Dallas Mavericks’ Roster Tailor-Made For LeBron James

Jerome Miron-USA TODAY Sports

Jerome Miron-USA TODAY Sports

LeBron James has notified the Miami Heat that he will opt out of the remainder of his current contract to become an unrestricted free agent. It’s nearly a certainty that he just wants to put together a new contract with the Heat in order to clear up some financial room so that the team can afford to bring some other quality talent to South Beach, but everyone from the casual basketball fan to the executive decision maker has been making the case that their team is the best fit for LeBron since the announcement was made this morning. It only seems appropriate to join the party here.

How does James fit with the Dallas Mavericks? Well, if we’re only looking at financial flexibility and the roster that would surround him, the answer to that question is simple: Perfectly. It isn’t until you bring in other factors, such as the historical context of the relationship between Dallas and James, that things fall apart. There’s also the fact that Dallas, although a nice city, is not held in the regard of the city of Miami and other American cities. And there is a lack of any of James’ “best friends” in Dallas, which seems to be a major concern for the best player in the world.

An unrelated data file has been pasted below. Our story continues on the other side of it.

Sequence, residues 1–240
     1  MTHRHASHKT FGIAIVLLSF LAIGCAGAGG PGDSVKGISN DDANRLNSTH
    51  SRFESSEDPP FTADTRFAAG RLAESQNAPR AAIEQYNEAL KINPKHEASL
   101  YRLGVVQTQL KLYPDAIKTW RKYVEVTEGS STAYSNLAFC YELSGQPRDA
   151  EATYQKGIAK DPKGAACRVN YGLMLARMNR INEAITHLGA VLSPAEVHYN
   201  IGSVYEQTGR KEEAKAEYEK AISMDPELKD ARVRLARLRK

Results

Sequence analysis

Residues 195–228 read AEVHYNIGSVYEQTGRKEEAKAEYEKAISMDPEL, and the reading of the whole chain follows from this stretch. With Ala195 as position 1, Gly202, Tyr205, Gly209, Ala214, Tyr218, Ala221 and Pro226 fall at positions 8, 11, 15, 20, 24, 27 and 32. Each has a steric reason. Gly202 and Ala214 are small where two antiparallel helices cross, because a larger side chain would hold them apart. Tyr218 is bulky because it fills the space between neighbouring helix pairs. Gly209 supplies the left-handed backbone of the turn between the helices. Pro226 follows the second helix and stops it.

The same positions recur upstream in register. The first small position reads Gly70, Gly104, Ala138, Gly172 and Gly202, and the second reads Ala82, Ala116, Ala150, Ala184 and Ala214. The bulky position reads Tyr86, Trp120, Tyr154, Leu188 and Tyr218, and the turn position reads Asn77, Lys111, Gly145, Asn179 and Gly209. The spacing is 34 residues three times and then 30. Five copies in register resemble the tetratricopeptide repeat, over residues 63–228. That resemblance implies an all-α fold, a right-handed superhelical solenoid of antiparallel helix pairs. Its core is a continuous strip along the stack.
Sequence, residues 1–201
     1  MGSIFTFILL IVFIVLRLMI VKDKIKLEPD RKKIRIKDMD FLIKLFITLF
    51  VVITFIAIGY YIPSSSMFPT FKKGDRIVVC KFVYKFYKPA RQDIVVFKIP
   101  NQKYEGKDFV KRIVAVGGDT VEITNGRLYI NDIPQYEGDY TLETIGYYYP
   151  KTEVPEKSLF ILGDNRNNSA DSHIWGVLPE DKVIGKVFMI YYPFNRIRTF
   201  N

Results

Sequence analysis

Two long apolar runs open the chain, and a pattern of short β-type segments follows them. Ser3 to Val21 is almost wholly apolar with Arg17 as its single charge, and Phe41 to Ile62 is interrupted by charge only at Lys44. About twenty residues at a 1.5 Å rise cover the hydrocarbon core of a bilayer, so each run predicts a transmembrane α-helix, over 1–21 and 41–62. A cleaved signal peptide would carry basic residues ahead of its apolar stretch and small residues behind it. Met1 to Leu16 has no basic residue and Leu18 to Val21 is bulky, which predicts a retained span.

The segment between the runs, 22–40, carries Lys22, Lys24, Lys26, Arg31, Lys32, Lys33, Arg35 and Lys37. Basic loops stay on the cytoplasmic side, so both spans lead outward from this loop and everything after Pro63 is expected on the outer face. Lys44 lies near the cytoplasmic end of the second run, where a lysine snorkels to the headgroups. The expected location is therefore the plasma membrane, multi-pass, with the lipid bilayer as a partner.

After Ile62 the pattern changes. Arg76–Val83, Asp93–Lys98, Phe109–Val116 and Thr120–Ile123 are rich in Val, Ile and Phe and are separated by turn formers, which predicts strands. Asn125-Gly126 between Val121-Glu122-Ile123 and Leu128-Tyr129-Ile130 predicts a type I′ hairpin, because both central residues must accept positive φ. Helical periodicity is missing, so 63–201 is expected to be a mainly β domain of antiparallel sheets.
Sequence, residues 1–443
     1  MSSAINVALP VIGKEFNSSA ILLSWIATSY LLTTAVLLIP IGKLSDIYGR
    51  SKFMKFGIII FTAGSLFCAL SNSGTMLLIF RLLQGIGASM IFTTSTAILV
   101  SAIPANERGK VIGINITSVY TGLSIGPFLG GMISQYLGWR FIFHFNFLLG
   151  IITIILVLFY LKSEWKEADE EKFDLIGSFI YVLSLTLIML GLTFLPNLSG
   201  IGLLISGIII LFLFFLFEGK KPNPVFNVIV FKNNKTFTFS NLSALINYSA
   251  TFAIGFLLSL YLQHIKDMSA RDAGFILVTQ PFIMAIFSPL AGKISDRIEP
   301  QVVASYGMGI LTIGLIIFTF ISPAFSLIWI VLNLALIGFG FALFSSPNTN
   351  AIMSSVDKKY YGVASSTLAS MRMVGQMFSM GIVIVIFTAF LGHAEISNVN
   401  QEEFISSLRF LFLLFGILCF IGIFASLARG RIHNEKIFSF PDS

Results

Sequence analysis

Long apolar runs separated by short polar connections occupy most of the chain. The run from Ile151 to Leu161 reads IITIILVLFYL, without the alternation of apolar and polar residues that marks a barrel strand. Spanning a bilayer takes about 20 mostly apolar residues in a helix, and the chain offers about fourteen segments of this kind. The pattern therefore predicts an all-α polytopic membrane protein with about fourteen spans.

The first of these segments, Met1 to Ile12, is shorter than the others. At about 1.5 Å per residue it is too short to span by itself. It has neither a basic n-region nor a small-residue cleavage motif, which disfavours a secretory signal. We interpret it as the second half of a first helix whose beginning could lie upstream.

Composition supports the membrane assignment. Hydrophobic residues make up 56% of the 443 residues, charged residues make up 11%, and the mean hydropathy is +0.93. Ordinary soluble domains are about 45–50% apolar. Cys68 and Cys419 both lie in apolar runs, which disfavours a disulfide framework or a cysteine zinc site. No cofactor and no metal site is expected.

Even while considering all that, maybe the challenge should be for James to put his money where his mouth is and commit to the thought that championship rings are the most important factor for him. If the Mavericks have the opportunity to trot out a starting lineup of Jose Calderon — a time-tested efficient distributor and knockdown three-point shooter — Monta Ellis — the man who got to the rim better than anyone in the league last season — James — the best player in the world — Dirk Nowitzki — a first-ballot Hall of Famer who has shown he has some time left in his legs and doesn’t operate from any of James’ spots — and Samuel Dalembert — a rim-protecting big man who can shut down the paint when energized — it wouldn’t be out of the question to say that team would be superior to this year’s Heat team that fell short in the NBA Finals.

It’s realistic financially and it yields a phenomenal opportunity for both James and the Mavericks to make a tremendous leap toward the Larry O’Brien Trophy. Now if all of those other factors could just fade away.

Brian Ogle is a Dallas Mavericks columnist for Rant Sports. Follow him on Twitter @TheOgle.

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